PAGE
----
A couple of dear friends came over last night, and we talked at length about our memories of kindergarten. What we remembered from those early years varied considerably. While my husband could remember many small details (the color of the walls, the assorted toys, etc.) another friend had no memories whatsoever.
I remember quite a bit of that year. A few particular memories stand out.
I won a small glass giraffe as a prize at school. It has a rainbow swirl of colors twisting through its body, and I am instantly in love with it. Days later I drop the little animal behind the dresser in my room. I reach my tiny arm under the piece of furniture, but I cannot grasp it. I strain and struggle, yet I simply cannot will my arm to stretch any further. I can see the giraffe tilted on its side just beyond my fingers. Its rainbow colors are muted and dull in the dark space under the dresser, and it feels as if my heart is about to break.
I'm sitting in the classroom, crying, in the arms of my teacher. The rest of the students are outside at recess, and I can see them through the open back door of the classroom. The teacher is soothing me, trying to help me stop crying. What she doesn't understand is that I cannot help it. I simply do not know how to stop. The anxiety and sadness I feel has no explanation, thus it has no cure. I am a despondent little thing, and the tears flow freely.
Everyone in the class is settled down for nap time. No one sleeps, though. We are a group of squiggly, wiggly, giggly worms. But we try. We really do, because if you are quiet and still and good the teacher may tap you gently on the shoulder. This muted signal lets you know that you are chosen to play in the toy kitchen. I am desperate to be picked, because I want so badly to play with the little plastic eggs in the tiny ice box. They nestle sweetly in a plastic carton and when you "crack" one open a perfect yellow center is revealed. I need to play with those eggs, so I struggle to be as still as I can. I squeeze my eyes shut, and I know in my heart that I will be chosen any minute now. But when the lights go on, and I open my eyes I see that I was not special. I had not been chosen.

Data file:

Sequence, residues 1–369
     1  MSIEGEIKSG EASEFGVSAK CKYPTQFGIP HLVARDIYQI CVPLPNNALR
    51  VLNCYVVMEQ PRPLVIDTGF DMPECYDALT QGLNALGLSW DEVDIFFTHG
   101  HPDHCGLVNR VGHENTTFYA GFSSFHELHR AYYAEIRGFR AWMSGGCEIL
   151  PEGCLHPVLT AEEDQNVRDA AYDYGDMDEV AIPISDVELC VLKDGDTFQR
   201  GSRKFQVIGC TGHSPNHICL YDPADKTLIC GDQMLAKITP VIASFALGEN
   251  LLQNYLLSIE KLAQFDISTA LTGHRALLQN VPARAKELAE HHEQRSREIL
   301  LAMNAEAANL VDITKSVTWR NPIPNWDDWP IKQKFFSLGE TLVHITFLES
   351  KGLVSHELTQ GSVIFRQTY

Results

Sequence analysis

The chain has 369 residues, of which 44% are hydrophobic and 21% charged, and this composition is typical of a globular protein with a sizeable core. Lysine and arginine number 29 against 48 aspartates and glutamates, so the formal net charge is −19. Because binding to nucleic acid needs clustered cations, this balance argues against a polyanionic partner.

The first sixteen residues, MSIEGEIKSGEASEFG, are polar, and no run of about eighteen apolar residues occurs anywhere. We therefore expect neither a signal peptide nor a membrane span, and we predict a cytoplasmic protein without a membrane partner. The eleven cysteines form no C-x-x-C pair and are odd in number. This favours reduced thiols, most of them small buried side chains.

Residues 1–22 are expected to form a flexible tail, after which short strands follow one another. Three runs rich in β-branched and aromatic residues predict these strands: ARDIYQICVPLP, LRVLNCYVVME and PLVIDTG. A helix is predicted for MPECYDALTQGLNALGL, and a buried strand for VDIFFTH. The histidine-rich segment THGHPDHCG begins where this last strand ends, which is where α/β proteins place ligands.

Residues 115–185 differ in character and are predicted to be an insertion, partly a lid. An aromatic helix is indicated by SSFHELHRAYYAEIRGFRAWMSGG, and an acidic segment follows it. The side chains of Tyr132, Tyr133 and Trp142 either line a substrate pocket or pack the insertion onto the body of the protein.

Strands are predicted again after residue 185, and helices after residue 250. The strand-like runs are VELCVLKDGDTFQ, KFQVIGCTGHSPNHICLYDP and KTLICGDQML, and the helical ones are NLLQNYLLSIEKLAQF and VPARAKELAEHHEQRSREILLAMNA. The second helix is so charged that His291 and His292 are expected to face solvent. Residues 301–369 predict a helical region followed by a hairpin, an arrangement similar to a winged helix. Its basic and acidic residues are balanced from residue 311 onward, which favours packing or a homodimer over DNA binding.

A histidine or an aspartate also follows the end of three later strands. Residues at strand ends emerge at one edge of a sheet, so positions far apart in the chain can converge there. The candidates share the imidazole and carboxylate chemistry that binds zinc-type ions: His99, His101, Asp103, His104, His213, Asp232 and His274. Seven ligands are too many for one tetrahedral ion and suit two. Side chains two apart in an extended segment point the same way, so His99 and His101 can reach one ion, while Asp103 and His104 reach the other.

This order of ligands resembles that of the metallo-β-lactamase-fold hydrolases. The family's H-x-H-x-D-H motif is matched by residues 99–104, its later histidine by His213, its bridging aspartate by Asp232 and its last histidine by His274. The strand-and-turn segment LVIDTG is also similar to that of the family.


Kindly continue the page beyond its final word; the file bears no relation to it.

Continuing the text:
I am sitting on the front step of my house. It is a beautiful, sunny day, and I am enjoying being alone and quiet. Suddenly, my mother steps out with a tray in her hands. On the tray is my white plastic tea set. She gingerly sets it down beside me and shows me that the tea pot is filled with Kool-Aid, a treat we rarely if ever have. I am delighted beyond words. I fill a cup with the drink and carefully walk to our snowball tree. The boughs are heavy with flowers and they hang down in such a way as to create a perfect little room under the branches. I sit there watching the world through a gauzy white veil.